Have you invented a new technology at your university that you’re itching to share with the world? Held each year since 1990, the Collegiate Inventors Competition serves as a national platform for showcasing students’ emerging ideas and new technologies. Over $100,000 in prizes are available, which includes cash for the top three entries in each division as well as prizes for advisers of winning teams.
Teams are restricted to four students, with at least one being a full-time U.S. or Canadian university student. Qualifying inventions must have real-life applicability, with evidence that that they have been used in practice. Applications for the 2014 competition have just opened and are due June 15, 2014.
The National Institute of Biomedical Imaging and Bioengineering (NIBIB) is taking entries for its Design by Biomedical Undergraduate Teams (DEBUT) Challenge, which is open to student teams working on innovative solutions to unmet health and clinical problems. Some areas of interest include diagnostics, therapeutics, technologies for underserved populations, point-of-care systems, precision and preventive medicine, and disability technologies.
Winners of the 2014 challenge will be eligible for up to $45,000 in cash prizes, which includes $20,000 for the first place team. The submission period for this year ends May 29, and winners are announced in August and presented with their awards at the annual meeting for the Biomedical Engineering Society in October.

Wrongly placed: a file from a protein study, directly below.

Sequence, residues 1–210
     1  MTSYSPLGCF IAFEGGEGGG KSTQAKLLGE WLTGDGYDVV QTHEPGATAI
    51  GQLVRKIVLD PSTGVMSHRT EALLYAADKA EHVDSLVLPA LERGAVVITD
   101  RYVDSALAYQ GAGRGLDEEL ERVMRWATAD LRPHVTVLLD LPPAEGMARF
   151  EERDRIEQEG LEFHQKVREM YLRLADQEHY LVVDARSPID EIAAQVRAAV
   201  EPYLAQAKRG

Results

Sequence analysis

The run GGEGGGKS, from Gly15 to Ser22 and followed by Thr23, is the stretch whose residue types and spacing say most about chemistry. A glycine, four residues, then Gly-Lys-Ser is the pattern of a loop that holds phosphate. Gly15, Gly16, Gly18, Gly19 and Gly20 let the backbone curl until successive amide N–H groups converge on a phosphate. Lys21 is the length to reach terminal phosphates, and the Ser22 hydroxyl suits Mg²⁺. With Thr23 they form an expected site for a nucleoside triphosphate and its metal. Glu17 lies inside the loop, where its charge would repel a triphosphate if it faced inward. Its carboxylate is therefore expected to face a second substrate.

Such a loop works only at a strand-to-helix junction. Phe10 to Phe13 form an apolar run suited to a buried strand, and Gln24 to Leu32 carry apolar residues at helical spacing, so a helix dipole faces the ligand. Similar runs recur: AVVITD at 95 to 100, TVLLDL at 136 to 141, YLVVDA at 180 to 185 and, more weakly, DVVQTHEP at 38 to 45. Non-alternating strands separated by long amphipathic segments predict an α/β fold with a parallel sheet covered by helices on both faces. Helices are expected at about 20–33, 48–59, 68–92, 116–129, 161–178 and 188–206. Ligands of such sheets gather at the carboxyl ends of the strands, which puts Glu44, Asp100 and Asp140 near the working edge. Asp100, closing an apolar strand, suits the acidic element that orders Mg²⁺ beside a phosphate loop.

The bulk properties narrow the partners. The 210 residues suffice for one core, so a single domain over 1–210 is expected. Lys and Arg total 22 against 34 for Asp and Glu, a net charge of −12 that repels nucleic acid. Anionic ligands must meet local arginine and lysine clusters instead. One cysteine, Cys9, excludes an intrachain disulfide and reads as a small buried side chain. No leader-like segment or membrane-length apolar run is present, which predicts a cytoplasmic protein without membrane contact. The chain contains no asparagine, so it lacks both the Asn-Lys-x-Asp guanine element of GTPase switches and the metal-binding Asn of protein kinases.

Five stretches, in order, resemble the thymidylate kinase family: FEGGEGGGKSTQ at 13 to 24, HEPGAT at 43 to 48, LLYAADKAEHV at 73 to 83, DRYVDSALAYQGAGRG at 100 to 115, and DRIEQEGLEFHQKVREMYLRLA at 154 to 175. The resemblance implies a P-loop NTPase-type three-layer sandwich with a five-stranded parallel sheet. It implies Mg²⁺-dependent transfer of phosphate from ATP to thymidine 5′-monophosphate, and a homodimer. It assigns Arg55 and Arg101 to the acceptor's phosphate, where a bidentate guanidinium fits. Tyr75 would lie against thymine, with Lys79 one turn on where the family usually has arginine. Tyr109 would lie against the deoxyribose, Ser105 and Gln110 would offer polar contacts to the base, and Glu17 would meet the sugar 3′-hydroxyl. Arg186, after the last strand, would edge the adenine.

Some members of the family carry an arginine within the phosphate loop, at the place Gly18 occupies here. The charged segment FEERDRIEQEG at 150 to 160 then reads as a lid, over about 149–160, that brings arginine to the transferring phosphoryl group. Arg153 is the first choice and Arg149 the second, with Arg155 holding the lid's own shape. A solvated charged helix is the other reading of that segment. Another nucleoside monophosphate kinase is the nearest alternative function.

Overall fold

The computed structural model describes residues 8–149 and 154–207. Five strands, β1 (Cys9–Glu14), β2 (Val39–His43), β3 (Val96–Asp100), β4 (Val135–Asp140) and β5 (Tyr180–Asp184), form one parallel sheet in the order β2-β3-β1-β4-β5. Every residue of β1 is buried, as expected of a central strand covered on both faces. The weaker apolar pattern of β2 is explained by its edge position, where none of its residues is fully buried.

The Exploration Habitat Academic Innovation Challenge, or X-Hab competition, is sponsored by NASA and the National Space Grant Foundation and gives undergraduate engineers a chance to design, manufacture, assemble, and test concepts that could potentially be used in deep space habitats.
X-Hab is now taking applications for the 2015 competition, and the deadline is April 30. Student teams must submit a plan for the design, manufacture, assembly, and testing of prototype systems that enable habitation and spacewalking capabilities for extended deep space missions on NASA’s Orion spacecraft. Orion is designed to carry astronauts beyond low-Earth orbit, including missions to an asteroid and Mars.
The U.S. Department of Energy has announced the winners of the third annual Better Buildings Case Competition, which challenges collegiate teams to present to industry leaders unique and innovative solutions for reducing energy waste and improving the efficiency of homes and commercial buildings. The winning student teams included Harvard University, Carnegie Mellon University, Yale University, Stanford University, University of California – Santa Barbara, University of California – San Diego, University of California – Berkeley, Columbia University, and MIT.
So far, teams over the years have present over 100 energy efficiency solutions to more than 60 businesses, organizations, agencies and governments, according to National Journal.
Undergraduate and graduate students are invited to participate in the American Association for the Advancement of Science’s Science and Human Rights Coalition essay contest, which encourages students to find the connections between human rights and science, engineering, and health professions. Students may write an analytical or critical paper on any topic that is at the intersection of science, technology, and human rights. Winners will receive a year of AAAS membership and a one-year subscription to Science. Essays will also be considered for AAAS’s quarterly publication, Professional Ethics Report.
The contest is open to students of all disciplines, but those in science, social science, health, engineering, and mathematics programs are especially encouraged to participate. Read more about the judging criteria and essay requirements here, and remember to submit your essay no later than midnight on May 30, 2014.